LOWVILLE The Lowville Plaza appears poised for a much lower assessment and some new tenants.
The Town Council on Monday by a 4-1 vote approved a reduction in the assessed value of the three-parcel plaza from $2.5 million to $1 million, pending court approval. Councilman Stephan M. Zubrzycki was the lone dissenter, but Councilwoman Ruth I. Laribee also indicated that her affirmative vote was cast with heavy heart.
MSF Audubon LLC, Buffalo, which in summer 2010 purchased the plaza for $860,000 at a foreclosure sale, filed a state Supreme Court lawsuit about a year ago seeking an assessment reduction to $799,800.
The proposed assessment is more than the purchase price, and a settlement avoids the expense of further litigation, said Raymond A. Meier, the towns attorney.
Meanwhile, the village Planning Board is reviewing a pair of applications for proposed signs promoting Family Dollar and Advance Auto Parts at the Route 12 plaza. Public hearings for both are set for 6:30 p.m. Monday at the municipal office, 5535 Bostwick St.
The plaza includes an 89,190-square-foot main building that currently houses only Tops Friendly Markets, a smaller structure housing Community Bank N.A. and a former McDonalds Restaurant that has been vacant for the past decade.
According to a concept site plan submitted with one of the sign applications, Family Dollar would locate in an 11,100-square-foot space next to Tops, while Advance Auto Parts would be in a 7,000-square-foot space on the south end of the building. The plan also includes a 10,000-square-foot Peebles department store next to the dollar store and two additional retail spaces that would be available for lease.
Peebles, which has stores in Gouverneur, Ogdensburg and Malone, sells name-brand apparel and accessories to small town America, according to the companys website.
No sign application for the department store has yet been submitted.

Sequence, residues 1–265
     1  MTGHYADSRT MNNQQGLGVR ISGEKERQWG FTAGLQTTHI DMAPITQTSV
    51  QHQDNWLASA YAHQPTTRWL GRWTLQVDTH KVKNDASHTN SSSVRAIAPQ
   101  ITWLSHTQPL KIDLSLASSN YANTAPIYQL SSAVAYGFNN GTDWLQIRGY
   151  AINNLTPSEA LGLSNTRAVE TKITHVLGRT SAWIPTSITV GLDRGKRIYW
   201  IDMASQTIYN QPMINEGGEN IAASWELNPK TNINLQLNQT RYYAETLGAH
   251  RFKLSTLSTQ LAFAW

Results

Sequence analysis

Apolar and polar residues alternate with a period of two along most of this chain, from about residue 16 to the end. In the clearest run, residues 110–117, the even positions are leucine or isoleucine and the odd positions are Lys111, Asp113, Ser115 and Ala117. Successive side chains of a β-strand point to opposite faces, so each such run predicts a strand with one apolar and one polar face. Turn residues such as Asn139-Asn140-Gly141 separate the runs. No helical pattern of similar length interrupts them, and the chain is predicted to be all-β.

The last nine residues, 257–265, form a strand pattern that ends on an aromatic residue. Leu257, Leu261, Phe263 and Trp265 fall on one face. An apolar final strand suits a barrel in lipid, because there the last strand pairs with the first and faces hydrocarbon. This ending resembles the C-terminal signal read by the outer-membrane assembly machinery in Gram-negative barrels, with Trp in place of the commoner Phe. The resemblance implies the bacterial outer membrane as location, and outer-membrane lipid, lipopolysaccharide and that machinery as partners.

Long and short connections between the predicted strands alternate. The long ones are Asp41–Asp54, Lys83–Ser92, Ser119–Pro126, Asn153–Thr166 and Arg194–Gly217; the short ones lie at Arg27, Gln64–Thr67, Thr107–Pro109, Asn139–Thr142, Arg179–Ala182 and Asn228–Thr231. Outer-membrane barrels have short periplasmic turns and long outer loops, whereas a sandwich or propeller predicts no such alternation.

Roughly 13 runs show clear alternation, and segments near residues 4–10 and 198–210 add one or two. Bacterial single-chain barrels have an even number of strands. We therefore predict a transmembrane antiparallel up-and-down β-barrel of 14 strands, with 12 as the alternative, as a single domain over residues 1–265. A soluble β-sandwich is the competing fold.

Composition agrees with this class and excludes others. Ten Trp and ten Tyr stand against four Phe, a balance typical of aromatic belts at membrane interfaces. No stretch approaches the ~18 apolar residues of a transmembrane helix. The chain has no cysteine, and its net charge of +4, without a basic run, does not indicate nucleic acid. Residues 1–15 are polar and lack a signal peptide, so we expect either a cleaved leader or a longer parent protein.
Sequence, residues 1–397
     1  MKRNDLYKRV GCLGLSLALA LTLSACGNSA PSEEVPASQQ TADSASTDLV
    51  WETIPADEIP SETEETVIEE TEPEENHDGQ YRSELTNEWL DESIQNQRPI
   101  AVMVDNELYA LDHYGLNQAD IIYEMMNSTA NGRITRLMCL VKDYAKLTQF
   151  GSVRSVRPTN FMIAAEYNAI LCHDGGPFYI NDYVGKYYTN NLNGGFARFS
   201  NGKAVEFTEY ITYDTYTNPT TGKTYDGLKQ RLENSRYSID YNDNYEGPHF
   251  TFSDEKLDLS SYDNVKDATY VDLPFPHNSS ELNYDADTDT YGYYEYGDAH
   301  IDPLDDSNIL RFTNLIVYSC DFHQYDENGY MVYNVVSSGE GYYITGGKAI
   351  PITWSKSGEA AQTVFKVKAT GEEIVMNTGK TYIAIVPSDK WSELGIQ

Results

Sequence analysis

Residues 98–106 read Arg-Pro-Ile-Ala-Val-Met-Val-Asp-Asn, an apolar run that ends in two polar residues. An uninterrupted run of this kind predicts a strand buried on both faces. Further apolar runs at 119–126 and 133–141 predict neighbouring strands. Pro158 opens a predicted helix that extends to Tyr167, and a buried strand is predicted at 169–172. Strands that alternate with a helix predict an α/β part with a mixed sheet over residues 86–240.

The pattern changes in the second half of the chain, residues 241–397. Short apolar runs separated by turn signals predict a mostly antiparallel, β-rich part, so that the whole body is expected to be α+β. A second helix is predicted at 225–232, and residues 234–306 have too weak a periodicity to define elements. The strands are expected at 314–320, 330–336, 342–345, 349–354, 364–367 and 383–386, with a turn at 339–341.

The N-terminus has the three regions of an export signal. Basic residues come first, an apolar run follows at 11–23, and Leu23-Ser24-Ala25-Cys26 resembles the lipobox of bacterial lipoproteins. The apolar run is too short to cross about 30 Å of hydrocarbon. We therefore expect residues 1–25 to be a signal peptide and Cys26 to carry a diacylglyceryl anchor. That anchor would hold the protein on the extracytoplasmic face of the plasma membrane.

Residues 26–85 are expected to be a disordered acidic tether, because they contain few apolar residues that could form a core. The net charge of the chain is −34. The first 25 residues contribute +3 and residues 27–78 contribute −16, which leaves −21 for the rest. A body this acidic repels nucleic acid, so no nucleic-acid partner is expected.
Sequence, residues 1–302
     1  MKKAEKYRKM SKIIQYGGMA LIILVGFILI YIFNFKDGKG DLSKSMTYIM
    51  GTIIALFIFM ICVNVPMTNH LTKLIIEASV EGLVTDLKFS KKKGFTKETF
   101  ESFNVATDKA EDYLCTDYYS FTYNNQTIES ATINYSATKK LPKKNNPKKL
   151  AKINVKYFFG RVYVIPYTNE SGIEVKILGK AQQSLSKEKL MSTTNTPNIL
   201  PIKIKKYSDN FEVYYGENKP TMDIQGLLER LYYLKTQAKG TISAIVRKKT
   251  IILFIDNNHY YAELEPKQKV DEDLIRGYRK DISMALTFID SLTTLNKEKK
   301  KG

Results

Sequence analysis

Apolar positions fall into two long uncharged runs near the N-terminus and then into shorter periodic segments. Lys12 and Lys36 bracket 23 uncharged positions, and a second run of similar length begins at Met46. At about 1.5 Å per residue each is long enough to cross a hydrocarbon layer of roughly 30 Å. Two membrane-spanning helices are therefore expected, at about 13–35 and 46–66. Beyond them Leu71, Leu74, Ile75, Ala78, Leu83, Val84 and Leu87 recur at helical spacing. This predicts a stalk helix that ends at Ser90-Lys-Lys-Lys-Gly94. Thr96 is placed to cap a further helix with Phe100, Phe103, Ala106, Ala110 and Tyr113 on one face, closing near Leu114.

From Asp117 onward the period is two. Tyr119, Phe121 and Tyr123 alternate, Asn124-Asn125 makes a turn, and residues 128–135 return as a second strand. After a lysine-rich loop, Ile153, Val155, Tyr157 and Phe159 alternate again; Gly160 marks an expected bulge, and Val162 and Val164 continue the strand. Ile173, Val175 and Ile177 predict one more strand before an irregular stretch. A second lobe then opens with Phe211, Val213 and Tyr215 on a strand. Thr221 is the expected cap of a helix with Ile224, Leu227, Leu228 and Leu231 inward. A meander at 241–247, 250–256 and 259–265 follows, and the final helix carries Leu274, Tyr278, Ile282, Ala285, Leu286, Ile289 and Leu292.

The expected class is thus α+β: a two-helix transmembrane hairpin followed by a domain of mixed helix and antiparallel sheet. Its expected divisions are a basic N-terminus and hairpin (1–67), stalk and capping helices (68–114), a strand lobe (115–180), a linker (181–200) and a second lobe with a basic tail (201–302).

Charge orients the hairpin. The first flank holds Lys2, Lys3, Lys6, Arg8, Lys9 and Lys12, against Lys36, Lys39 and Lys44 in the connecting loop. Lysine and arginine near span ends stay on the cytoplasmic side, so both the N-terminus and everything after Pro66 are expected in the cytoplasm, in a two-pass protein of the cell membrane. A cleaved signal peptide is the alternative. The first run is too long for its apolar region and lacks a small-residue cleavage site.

Village and county planning officials said any new retail stores that locate in the Lowville Plazas main building should not need to undergo site plan review, since the structure has never been completely vacant.
An email Monday seeking comment from a representative of Benderson Development Corp., the parent company of MSF Audubon, received no response.
McDonalds and Kinney Drugs moved out of the plaza into nearby free-standing buildings in October 2001 and September 2002, respectively, and the southern end of the main building was vacated in October 2002 when all Ames department stores closed.
Renovation work in the old Kinney and Ames stores is apparently in progress, with paper covering all the windows and a myriad of signs indicating that work is ongoing.
First-year Town Supervisor Randall A. Schell said part of the Town Councils frustration during ongoing assessment discussions was that much of the plaza had remained in a state of disrepair, so the renovation work is a positive step.
While there was some sentiment not to accept the settlement, the challenge would have cost the town at least $15,000, while the reduction will mean a town refund of about $4,100, he said.
However, the village, Lewis County and the Lowville Academy and Central School District would also be responsible for refunds. Village officials estimate they would return nearly $15,000 of the companys recent $24,000 tax payment.
Mr. Schell said he met in January with village and county officials to discuss the notion of cooperatively defending assessment challenges, providing more leverage against large corporations, and hopes to continue those discussions.